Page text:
Have you ever been so close to something but you just can’t touch it? It’s almost within reach. You hear rumours. Secret tunnels? An island full of snakes?? Ghosts???
That’s how most of Halifax feels about Georges Island National Historic Site.
This small island sits mere meters off one of the busiest port cities on the eastern sea-board, yet until recently it was off-limits. Thanks to Parks Canada and some strategic partners, all that has changed. You can now visit the island via tour boat and guided tours!
The island has been many things since it emerged from the last ice age some 10,000 years ago. The Mi’kmaw called this island Mniku or “small island” and it was an important staging ground for fishing, once a quarantine station (how very 2020…), a prison, and an important fort within the defence complex of the harbour. Because of all that it’s now a national historic site protected by Parks Canada.
The island, however, needed some love. Centuries of building on a very small island led to many of the WWII-era forts being in disrepair. Even the wharf needed some much needed upkeep. Parks Canada took on the job of lovingly restoring these buildings and ensuring that the remaining infrastructure was safe for public viewing. Flash forward to August 2020, and George’s Island welcomed visitors for the first time in many years. People were excited.
A national historic site is a living piece of history and Parks Canada and their partners sprinkle the magic to bring these places alive. The tours through Georges Island are amazing. Guides, with their strict commitment to performing as period actors (costumes and all!), lead you through the maze of old forts and tunnels. They bring them to life by regaling you with stories and legends of the island. Tragic heroes, forgotten villains and yes, the odd ghost story too makes the experience rich for the imagination.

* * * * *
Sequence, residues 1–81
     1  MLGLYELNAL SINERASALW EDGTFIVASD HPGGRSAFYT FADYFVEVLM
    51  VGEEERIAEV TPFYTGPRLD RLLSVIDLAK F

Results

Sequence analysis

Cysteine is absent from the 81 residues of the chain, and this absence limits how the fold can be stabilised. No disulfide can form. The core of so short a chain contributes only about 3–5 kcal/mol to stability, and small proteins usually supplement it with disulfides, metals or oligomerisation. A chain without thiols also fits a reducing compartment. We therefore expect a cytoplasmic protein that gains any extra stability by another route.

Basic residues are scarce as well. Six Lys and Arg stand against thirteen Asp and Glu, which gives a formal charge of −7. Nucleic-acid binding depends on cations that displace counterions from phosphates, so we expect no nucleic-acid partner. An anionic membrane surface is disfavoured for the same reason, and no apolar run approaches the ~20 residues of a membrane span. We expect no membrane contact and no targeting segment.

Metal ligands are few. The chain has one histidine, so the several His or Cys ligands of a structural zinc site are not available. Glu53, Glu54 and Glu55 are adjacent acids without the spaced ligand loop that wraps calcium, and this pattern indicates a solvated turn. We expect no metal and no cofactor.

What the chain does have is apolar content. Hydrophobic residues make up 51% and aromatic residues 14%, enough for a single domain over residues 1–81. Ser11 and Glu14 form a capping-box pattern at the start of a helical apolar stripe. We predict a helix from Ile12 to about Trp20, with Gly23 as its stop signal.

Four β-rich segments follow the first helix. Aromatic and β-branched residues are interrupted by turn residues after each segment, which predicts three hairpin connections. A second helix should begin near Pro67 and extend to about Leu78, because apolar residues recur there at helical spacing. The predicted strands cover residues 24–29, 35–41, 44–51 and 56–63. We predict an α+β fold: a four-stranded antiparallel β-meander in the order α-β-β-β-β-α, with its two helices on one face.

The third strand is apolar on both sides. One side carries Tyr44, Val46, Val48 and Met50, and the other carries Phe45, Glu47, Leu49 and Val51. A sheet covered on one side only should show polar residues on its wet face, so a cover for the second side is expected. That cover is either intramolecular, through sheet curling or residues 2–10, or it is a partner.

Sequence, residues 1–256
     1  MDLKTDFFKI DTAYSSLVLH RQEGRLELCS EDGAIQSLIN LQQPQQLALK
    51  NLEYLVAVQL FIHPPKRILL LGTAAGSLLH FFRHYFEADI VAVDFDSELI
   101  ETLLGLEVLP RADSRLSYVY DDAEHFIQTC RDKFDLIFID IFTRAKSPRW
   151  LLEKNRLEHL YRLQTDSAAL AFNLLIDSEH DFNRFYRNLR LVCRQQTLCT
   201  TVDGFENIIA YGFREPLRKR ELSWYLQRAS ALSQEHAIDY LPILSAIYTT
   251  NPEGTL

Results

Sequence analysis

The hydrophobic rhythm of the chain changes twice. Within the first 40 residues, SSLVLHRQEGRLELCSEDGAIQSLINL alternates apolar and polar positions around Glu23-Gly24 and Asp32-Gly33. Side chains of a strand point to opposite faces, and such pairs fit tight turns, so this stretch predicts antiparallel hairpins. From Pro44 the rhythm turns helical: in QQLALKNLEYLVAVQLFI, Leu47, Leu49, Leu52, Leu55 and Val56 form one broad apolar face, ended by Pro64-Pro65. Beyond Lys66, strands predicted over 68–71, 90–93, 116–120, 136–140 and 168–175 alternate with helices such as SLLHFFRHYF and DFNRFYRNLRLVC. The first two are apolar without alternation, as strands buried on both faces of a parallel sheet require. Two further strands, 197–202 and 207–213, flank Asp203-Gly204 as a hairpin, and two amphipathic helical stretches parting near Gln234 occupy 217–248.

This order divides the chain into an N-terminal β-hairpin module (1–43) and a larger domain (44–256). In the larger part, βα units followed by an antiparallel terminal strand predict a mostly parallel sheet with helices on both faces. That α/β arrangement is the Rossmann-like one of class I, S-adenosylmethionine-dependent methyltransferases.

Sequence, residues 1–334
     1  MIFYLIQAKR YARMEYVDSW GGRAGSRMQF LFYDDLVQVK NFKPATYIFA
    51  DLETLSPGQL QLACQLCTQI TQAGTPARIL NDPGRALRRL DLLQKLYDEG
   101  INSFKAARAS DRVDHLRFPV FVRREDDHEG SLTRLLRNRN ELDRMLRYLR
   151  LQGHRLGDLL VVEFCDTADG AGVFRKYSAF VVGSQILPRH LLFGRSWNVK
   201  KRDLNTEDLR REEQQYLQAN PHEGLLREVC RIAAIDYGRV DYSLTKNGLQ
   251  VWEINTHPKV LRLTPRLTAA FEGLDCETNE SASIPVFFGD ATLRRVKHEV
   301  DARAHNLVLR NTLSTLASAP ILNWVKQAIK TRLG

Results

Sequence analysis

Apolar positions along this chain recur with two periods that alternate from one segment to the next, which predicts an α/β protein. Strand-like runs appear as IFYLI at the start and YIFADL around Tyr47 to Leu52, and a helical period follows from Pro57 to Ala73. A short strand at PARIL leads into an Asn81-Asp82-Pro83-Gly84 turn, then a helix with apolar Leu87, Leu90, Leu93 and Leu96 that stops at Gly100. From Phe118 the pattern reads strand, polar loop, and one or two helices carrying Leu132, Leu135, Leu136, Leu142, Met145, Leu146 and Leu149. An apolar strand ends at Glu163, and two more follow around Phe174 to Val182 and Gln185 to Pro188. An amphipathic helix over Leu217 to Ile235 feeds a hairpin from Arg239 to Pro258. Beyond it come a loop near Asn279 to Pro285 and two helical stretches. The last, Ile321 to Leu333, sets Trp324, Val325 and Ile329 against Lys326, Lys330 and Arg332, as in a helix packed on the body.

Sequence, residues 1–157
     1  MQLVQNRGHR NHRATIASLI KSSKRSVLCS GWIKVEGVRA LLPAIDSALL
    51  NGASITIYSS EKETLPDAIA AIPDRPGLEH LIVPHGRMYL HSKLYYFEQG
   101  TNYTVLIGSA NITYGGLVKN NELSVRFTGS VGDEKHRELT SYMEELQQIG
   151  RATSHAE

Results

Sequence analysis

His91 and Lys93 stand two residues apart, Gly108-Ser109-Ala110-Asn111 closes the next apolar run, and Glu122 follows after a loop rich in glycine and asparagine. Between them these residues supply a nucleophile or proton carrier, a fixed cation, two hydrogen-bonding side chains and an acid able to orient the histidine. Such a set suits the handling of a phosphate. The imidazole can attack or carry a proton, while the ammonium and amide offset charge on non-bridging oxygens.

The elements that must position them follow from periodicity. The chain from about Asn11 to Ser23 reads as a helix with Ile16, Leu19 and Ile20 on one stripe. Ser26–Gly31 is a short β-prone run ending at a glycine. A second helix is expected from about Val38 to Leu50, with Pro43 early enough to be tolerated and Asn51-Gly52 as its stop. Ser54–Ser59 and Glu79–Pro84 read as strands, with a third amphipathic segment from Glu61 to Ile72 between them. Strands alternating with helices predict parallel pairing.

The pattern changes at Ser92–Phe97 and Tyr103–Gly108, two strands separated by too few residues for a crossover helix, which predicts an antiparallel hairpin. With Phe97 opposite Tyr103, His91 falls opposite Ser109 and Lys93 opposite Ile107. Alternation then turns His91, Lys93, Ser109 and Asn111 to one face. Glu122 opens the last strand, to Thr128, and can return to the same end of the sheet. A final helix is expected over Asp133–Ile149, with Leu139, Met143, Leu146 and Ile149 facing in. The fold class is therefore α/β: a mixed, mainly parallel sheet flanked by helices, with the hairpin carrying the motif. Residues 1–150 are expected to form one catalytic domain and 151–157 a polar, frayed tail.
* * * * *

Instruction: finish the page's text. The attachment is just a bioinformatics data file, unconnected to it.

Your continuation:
Standing on top of Georges Island is like looking back in time and toward the future all at once. You can envision our first peoples fishing these sacred waters, British galleons, Grand Banks schooners, and parades of war ships. At the same time, you can see the bustling cities of Halifax and Dartmouth. It might have taken a while but George’s Island wanted to be ready for the party. Halifax is poised to continue its rise as a world class place to live. The people here already know. It’s places like George’s Island that offer adventure on our literal doorstep that make Halifax such a captivating place to be.
Oh, and as far as we know, there're not more snakes on Georges Island than you’d expect on any island in Atlantic Canada. Which is to say, not very many. But don’t let them frighten you off, I’m sure they’d love to see you too. (although Chris has seen a few).
You can get there by kayak, chartered boat, your own boat, swim?? For more information on visiting Georges Island in 2021 please visit https://www.pc.gc.ca/en/lhn-nhs/ns/georges/visit
To find out more about tours check out https://www.ambassatours.com/visit-georges-island